Sideways star Paul Giamatti has given F. Gary Gray's N.W.A. biopic some real star power after signing on to play music mogul Jerry Heller in the film. Heller, who represented Elton John, Pink Floyd and Journey, managed the rap act that featured Ice Cube and Dr. Dre.
He also founded Ruthless Records with N.W.A. star Eazy-E.
Giamatti joins producer Ice Cube's son O'Shea Jackson, Jr. who will portray his dad in the movie, Straight Outta Compton, and other actors including Jason Mitchell and Corey Hawkins.
It's not the first time he'll play a ruthless music boss on the big screen - he portrayed Tom Cruise's slippery manager Paul Gill in Rock of Ages.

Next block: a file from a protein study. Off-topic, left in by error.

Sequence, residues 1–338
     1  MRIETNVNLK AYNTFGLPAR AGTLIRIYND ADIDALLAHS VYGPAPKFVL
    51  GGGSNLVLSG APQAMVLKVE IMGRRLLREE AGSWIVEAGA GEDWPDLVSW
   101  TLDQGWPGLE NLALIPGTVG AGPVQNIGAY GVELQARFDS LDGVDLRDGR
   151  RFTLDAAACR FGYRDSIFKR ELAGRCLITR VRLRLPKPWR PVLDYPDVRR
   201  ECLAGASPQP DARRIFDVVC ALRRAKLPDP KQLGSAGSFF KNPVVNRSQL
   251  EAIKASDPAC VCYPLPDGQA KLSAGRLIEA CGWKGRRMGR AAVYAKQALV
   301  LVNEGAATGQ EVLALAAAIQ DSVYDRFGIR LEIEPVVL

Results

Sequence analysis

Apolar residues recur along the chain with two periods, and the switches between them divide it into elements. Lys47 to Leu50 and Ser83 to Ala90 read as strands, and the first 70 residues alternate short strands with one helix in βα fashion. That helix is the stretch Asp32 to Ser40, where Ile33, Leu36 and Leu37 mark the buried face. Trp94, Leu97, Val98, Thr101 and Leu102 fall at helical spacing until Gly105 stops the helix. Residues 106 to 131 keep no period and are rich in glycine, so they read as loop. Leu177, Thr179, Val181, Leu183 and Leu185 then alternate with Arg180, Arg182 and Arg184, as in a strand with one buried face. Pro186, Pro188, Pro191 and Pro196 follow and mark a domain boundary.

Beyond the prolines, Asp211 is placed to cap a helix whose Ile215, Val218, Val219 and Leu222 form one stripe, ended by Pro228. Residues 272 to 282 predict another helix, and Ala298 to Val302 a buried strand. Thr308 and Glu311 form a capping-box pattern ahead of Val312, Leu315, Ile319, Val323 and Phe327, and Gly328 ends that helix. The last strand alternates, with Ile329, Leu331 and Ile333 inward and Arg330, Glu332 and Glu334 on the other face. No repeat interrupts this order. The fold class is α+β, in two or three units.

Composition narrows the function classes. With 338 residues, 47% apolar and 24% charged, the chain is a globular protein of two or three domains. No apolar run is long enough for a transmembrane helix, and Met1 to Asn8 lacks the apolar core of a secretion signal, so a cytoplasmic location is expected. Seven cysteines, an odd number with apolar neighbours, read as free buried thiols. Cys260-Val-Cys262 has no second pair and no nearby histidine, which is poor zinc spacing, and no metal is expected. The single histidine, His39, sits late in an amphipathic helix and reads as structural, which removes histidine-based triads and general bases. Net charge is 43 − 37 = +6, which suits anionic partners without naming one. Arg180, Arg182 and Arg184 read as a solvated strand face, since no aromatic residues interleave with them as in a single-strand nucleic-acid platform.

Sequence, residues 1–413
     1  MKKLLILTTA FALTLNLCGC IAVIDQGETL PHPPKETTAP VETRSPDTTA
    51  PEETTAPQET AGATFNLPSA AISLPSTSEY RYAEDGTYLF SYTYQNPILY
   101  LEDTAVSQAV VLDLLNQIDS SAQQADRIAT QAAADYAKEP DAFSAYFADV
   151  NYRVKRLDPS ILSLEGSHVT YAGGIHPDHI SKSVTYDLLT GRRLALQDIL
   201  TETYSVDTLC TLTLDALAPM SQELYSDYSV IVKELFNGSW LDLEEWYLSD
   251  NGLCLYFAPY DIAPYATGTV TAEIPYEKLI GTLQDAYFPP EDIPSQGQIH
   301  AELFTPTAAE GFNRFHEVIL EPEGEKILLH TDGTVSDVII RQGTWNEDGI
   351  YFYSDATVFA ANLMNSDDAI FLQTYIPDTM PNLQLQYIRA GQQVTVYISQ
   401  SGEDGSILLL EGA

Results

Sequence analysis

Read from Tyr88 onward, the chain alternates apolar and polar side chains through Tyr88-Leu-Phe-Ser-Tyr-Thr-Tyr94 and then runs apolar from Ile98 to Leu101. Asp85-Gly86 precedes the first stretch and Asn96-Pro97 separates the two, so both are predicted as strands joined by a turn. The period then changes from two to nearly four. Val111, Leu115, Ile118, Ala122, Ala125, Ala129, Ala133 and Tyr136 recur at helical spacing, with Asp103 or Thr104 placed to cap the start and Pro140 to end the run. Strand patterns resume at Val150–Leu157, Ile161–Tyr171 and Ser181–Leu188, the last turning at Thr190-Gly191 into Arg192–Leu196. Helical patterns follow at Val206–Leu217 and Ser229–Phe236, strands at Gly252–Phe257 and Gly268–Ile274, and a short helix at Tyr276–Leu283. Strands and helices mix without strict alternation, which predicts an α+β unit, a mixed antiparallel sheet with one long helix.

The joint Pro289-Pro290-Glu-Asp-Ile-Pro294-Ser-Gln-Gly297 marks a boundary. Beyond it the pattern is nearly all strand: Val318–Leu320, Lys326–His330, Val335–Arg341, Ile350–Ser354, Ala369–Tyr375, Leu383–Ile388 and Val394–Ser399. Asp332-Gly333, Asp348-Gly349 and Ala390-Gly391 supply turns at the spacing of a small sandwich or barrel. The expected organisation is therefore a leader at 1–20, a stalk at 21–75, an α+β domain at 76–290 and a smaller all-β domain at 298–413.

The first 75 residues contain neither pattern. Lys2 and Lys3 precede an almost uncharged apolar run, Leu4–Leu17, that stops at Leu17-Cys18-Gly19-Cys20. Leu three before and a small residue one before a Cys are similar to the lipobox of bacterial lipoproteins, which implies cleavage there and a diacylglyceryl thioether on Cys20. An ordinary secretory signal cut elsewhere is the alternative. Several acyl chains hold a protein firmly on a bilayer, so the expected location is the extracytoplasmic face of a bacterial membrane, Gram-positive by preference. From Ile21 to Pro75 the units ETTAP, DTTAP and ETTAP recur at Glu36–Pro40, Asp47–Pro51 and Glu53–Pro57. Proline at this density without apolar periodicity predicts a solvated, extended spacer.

The trailers for Hope Springs might lead you to believe it's a romantic comedy about a couple trying to jumpstart their sexless marriage but it causes more empathetic cringing than chuckles. Audiences will be drawn to Hope Springs by its stars Meryl Streep Tommy Lee Jones and Steve Carell and Streep's track record of pleasing summer movies like Julie & Julia and Mamma Mia! that offer a respite from the blockbusters flooding theaters. Despite what its marketing might have you believe Hope Springs isn't a rom-com. The film is a disarming mixture of deeply intimate confessions by a married couple in the sanctuary of a therapist's office awkwardly honest attempts by that couple to physically reconnect and incredibly sappy scenes underscored by intrusive music. Boldly addressing female desire especially in older women it's hard not to give the movie extra credit for what writer Vanessa Taylor's script is trying to convey and its rarity in mainstream film. The ebb and flow of intimacy and desire in a long-term relationship is what drives Hope Springs and while there are plenty contrived moments and unresolved issues it is frankly surprising and surprisingly frank. It's a summer release from a major studio with high caliber stars aimed squarely at the generally underserved 50+ audience addressing the even more taboo topic of that audience's sex life.